Southern-Style Turnip Greens

Chopped Turnip Greens
Turnip Greens. Riccardo Bruni / EyeEm / Getty Images
Ratings (51)
  • Total: 80 mins
  • Prep: 20 mins
  • Cook: 60 mins
  • Yield: 6 Servings
Nutritional Guidelines (per serving)
268 Calories
10g Fat
21g Carbs
23g Protein
(Nutrition information is calculated using an ingredient database and should be considered an estimate.)

Turnip greens have long been a favorite vegetable in the South. Turnip greens -- like collard greens and mustard greens -- are usually cooked with ham or pork. This version is cooked with salt pork, but you could use another kind of pork cut. Bacon, streaky bacon (pork belly), ham hocks, hog jowl, smoked pork chops, or a similar meat. Many people like to add a small amount of sugar to their turnip greens, but that is entirely optional.

Cleaning the greens is a very important step when you are using fresh greens. Put the trimmed greens in a clean sink and cover them with cold water. Shake them and swish them around, drain them, and do it a few more times. When you no longer feel grit in the bottom of the sink. The greens should be grit-free. Even if the package says "cleaned," rinse them again to be absolutely sure. Sandy greens are very unpleasant, to say the least.

To serve any Southern greens, make sure you offer plenty of hot, freshly baked cornbread  or cornbread muffins. Hot pepper sauce (hot pepper vinegar) is wonderful, or serve them with plain apple cider vinegar. See the tips and variations for pepper sauce directions. It's easy to make but needs time in the fridge for best flavor.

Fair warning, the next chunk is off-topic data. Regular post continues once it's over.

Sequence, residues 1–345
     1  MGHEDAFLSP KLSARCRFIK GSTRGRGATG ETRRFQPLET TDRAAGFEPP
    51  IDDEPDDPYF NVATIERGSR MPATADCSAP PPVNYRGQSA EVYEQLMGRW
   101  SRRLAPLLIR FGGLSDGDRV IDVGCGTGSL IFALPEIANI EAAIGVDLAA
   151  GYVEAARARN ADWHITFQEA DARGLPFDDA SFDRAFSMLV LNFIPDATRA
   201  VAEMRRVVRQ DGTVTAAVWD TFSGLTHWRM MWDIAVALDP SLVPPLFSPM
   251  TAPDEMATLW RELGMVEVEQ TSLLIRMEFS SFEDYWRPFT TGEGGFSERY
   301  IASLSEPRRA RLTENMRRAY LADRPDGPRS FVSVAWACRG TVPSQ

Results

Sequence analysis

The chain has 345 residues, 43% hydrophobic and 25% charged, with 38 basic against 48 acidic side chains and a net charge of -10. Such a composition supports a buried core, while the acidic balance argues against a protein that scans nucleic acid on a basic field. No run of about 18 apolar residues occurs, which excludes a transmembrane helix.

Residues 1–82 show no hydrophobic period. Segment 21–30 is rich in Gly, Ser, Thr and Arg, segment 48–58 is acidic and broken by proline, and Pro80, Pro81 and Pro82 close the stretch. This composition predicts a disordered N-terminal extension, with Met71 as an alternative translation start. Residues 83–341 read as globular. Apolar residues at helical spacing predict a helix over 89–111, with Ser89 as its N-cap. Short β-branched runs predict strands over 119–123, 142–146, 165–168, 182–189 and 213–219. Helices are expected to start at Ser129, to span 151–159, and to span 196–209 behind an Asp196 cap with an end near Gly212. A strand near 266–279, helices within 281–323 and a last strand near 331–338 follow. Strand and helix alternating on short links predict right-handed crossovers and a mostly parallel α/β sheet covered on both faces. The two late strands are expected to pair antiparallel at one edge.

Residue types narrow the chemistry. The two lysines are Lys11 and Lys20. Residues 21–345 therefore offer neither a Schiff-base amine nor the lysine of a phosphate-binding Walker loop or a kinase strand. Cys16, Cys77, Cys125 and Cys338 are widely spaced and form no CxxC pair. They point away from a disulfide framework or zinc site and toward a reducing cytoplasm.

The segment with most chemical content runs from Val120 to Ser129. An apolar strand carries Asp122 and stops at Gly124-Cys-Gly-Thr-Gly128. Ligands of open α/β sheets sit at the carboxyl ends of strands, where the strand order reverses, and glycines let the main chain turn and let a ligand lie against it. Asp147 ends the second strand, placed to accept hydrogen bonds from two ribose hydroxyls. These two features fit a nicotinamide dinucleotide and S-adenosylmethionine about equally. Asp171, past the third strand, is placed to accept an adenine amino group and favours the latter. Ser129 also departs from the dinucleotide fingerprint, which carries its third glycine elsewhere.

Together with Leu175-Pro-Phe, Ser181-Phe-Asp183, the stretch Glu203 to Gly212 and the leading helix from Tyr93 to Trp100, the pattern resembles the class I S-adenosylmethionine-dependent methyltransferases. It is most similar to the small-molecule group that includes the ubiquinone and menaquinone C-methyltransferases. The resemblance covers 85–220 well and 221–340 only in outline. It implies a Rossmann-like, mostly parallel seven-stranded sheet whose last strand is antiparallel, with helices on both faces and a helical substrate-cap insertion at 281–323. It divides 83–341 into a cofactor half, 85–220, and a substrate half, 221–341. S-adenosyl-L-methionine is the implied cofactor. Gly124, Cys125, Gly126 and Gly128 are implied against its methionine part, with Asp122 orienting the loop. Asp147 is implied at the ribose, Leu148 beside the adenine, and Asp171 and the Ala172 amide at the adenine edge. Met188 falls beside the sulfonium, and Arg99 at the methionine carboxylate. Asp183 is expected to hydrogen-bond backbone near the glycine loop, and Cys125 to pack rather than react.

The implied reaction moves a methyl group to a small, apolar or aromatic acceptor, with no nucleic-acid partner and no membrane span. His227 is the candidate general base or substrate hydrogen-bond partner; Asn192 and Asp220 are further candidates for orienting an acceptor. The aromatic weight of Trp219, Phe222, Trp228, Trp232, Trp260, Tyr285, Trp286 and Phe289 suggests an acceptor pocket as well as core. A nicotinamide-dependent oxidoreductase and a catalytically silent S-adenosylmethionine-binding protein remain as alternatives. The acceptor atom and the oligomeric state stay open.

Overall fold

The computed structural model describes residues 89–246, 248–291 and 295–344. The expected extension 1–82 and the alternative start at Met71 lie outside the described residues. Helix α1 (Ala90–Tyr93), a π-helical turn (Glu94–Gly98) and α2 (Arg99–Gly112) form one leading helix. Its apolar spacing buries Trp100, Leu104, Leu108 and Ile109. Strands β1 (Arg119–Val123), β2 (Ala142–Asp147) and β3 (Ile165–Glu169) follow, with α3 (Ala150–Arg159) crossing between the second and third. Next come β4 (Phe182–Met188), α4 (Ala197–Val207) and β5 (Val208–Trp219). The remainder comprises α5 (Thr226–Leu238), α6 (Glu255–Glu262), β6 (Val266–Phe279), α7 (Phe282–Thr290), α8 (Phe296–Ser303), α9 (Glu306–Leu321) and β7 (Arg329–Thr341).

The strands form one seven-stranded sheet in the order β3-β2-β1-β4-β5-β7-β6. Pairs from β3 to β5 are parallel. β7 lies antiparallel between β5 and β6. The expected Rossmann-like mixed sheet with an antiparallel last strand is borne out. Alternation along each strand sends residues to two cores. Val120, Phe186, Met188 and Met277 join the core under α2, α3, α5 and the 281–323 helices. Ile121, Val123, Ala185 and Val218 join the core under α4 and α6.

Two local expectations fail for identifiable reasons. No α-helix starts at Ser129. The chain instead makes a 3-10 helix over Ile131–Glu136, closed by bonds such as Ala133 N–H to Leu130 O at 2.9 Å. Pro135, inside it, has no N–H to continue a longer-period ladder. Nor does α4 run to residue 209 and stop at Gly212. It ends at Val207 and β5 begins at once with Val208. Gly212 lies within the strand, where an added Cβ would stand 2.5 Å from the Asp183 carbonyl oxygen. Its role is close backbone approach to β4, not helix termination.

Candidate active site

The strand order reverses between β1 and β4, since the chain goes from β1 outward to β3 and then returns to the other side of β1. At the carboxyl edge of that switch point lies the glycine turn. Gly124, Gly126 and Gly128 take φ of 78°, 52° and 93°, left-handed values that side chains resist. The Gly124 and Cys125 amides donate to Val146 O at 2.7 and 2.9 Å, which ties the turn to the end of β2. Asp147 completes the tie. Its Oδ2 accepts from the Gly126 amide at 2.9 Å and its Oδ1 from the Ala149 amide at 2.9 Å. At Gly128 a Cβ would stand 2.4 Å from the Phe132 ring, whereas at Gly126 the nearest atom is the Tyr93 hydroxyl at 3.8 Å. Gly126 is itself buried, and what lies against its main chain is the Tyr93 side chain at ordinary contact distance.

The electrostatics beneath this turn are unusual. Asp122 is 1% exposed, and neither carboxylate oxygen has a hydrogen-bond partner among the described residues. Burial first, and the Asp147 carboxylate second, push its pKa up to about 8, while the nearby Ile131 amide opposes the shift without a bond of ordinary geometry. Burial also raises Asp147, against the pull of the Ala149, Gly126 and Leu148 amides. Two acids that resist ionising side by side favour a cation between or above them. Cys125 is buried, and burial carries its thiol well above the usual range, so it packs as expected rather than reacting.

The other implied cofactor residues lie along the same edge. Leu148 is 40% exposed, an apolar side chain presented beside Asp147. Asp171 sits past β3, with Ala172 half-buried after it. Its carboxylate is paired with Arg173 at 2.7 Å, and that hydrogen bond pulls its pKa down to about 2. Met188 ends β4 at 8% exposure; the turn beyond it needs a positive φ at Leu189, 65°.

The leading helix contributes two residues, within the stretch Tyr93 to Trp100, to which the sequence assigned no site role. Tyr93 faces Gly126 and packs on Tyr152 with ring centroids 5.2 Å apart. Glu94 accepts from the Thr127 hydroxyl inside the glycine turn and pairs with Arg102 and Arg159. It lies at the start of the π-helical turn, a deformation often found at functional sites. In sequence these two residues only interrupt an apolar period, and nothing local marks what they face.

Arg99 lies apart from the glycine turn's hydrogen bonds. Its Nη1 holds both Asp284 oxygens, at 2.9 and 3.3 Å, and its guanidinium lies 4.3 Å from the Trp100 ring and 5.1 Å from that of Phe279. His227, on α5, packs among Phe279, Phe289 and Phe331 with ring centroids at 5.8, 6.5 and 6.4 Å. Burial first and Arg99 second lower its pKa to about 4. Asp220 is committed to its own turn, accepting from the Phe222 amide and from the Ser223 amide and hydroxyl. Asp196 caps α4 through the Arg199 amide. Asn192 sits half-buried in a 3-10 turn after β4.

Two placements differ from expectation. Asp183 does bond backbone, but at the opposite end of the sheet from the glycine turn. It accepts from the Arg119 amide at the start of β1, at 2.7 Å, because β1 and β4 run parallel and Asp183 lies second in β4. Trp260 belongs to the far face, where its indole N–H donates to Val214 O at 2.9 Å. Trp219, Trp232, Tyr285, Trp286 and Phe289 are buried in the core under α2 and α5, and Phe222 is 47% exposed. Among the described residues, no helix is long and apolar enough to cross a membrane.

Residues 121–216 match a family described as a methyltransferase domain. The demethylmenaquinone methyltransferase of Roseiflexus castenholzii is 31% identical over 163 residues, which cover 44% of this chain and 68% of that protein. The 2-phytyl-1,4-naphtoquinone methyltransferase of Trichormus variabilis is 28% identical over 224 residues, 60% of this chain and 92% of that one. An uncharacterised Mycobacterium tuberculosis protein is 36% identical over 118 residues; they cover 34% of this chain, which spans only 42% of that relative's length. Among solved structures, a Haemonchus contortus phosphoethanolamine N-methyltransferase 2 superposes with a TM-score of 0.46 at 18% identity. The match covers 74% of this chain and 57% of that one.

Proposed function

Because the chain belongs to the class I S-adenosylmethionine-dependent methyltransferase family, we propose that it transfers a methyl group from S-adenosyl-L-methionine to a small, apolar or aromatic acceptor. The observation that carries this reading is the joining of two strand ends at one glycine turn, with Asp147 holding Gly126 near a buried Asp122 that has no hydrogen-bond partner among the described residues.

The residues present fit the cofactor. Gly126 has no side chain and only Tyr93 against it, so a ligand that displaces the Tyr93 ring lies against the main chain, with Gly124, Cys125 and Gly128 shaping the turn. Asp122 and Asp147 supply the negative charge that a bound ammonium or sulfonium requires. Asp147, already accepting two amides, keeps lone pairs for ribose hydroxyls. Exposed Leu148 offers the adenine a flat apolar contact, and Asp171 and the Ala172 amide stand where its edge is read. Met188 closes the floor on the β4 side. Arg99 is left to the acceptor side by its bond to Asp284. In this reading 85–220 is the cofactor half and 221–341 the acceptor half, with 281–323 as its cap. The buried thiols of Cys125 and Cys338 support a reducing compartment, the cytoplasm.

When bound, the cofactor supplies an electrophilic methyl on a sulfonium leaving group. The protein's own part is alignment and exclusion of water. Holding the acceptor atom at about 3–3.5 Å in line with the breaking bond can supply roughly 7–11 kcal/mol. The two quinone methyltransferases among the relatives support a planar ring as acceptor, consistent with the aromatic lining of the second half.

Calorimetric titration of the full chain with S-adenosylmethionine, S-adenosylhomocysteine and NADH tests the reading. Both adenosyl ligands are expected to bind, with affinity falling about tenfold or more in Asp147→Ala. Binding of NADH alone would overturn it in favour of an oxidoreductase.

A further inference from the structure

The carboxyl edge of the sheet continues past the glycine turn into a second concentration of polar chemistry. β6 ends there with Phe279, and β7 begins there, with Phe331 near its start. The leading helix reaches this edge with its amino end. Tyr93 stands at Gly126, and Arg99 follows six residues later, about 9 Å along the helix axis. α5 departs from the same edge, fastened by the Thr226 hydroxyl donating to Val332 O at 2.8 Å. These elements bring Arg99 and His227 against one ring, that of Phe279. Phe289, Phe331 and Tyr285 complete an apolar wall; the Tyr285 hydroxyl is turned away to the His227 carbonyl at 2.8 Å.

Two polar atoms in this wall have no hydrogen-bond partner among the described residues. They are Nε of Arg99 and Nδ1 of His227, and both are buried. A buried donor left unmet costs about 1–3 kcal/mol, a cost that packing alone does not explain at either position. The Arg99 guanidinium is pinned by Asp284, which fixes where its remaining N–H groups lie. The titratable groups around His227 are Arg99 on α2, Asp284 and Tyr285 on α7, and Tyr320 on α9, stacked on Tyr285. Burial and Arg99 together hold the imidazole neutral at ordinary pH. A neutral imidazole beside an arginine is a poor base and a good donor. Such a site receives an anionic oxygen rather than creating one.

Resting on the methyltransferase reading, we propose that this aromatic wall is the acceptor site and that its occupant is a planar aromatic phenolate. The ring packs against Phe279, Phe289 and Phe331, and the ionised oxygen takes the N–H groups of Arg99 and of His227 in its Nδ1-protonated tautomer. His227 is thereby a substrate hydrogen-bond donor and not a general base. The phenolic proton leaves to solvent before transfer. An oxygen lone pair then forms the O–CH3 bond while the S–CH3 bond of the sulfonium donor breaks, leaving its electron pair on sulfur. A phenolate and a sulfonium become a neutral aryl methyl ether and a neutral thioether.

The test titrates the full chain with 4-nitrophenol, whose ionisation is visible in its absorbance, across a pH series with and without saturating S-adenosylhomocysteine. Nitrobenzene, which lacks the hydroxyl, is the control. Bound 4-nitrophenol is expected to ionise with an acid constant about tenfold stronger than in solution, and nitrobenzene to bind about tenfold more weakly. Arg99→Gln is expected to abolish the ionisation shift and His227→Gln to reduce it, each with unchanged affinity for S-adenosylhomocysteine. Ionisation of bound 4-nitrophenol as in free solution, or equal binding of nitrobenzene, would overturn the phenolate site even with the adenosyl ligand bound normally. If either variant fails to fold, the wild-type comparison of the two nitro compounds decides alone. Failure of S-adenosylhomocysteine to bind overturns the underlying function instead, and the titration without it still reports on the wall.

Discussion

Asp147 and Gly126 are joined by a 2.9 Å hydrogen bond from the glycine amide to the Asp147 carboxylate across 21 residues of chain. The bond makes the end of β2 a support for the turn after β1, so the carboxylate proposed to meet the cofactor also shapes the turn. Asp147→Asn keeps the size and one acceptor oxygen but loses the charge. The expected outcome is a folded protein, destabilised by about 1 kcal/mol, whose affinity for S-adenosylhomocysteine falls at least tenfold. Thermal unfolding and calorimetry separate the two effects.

• 4 pounds turnip greens
  • 1 pound salt pork (or similar fatty pork)
  • 1 1/2 cups water
  • 1 cup finely chopped onion
  • 1/2 teaspoon freshly ground black pepper
  • Kosher salt (to taste)
  • Optional: 1 teaspoon granulated sugar
  • Optional: 1 dash crushed red pepper (or to taste)

Steps to Make It

Cut off and discard tough stems and discolored leaves from greens. For large leaves with large, tough stems, fold the leaf in half and cut or tear the stem out. Stack several leaves and slice them crosswise into 1-inch thick pieces.

Wash the greens thoroughly in the sink; drain and wash again. Repeat the cleaning until you don't feel any sand on the greens or the bottom of the sink.

Scrape the salt off of the salt pork or rinse it under cold running water to remove the excess salt. The salt pork has a tough skin. Carefully run a large sharp knife between the tough skin and the softer fat. Discard the tough skin and dice the fat. 

In a large Dutch oven or stockpot over medium heat, cook the salt pork until it is crisp and browned. Add the water, cleaned turnip greens, onion, black pepper, sugar, if using, and crushed red pepper flakes. Bring to a boil. Reduce the heat to low, cover, and simmer the greens for 40 to 50 minutes, or until the greens are tender. Taste and add kosher salt, as needed.

Serve with vinegar or pepper sauce (see below) and freshly baked cornbread.

Tips and Variations

How to Make Pepper Sauce (Pepper Vinegar Sauce) - Sterilize a canning jar. Pack the jar with cleaned small hot peppers. Pour boiling white vinegar over the peppers, covering them completely and leave a little headspace. Cover and refrigerate the pepper sauce for a few weeks before using.

Greens With Garlic - Add 1 or 2 minced cloves of garlic to the greens along with the chopped onion.

Turnip Greens With Bacon - Use thick sliced bacon in place of the salt pork.